The new bridge will have the same capacity as the existing bridge, although I acknowledge Patrick Harvie's point about the temptation to reuse some of the capacity that would appear to be lying idle on the existing bridge. Parliament has the opportunity to send clear messages about that; indeed, I certainly wish to send the clear message that it is not something that we should permit.

Patrick Harvie: Will the minister give way?

Stewart Stevenson: I am sorry—I really have a lot to cover in my now diminishing time.

It is, of course, important to integrate bus and rail across the east of Scotland. It was, however, suggested that quite a lot of capacity was available on the rail bridge; that is not the case, partly because there is a very long block on the bridge. We hope that by putting an extra signal in the middle and breaking the block in two we will relieve things and increase capacity. In fact, it was necessary to get traffic on to the Stirling-Alloa-Kincardine line before we could even find the capacity to increase rail passenger services to Fife. The issue is not quite as simple as might have been suggested.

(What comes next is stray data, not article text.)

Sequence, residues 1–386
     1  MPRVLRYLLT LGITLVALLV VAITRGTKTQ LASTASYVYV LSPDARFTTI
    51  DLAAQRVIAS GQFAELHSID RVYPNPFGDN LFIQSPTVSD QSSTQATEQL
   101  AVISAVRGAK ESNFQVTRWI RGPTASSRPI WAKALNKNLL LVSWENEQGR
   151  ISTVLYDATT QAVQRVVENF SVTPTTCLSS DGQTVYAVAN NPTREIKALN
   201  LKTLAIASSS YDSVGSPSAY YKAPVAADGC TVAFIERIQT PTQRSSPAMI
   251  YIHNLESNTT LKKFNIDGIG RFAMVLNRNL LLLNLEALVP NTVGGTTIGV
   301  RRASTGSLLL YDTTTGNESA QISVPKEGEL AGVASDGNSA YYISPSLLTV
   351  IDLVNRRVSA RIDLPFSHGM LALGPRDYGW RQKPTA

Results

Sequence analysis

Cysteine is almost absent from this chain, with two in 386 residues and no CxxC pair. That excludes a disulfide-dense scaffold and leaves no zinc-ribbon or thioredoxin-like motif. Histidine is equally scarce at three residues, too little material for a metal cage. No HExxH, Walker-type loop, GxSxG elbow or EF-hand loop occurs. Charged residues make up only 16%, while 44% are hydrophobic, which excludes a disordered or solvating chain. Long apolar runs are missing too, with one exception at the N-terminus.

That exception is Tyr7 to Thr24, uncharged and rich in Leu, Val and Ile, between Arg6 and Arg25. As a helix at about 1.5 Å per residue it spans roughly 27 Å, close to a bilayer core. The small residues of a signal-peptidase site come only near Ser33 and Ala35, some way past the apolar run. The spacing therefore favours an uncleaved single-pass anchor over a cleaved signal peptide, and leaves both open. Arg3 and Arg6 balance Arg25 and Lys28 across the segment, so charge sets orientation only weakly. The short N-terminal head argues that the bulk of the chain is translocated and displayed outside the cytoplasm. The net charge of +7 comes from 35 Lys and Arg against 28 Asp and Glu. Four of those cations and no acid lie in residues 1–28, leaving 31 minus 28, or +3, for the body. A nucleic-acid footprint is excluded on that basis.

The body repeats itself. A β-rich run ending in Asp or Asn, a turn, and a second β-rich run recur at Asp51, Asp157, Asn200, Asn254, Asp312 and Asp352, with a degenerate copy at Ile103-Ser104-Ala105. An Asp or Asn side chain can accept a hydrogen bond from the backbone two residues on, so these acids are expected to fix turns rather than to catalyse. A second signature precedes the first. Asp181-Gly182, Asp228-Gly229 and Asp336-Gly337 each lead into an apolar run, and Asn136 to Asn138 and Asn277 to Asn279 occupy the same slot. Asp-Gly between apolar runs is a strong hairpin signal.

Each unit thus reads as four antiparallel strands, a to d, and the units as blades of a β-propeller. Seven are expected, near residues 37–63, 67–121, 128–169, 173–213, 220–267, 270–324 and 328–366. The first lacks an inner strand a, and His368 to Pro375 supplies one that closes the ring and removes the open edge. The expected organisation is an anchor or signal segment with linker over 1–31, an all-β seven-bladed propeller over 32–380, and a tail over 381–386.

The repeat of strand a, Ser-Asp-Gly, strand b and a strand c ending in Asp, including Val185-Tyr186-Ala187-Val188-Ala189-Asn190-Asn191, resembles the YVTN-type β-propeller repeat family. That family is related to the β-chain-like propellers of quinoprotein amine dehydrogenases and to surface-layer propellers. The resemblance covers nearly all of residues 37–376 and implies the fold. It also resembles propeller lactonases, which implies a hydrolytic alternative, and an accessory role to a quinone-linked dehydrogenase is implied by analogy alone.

With regard to the intelligent traffic systems that Joe FitzPatrick and Jim Tolson mentioned, I point out that, paradoxical as it might seem, the mathematical model for traffic modelling is known as the Monte Carlo system, because it involves rolling what might be described as mathematical dice. The intelligent traffic system might slow down traffic, but if we can get it right, that will also shorten journey times. Using computers to monitor what goes on on the road network and to encourage traffic to slow down—which will, as I say, shorten journey times—actually works. We are not being ground-breaking; it has been done elsewhere and we know that we can do it here.

On the cost of capital issue that Joe FitzPatrick mentioned, it is worth pointing out that changes to the accounting rules mean that we will not have to account for that in the future. In any case, it does not make any difference to the availability of cash to the Government; it merely changes the book-keeping.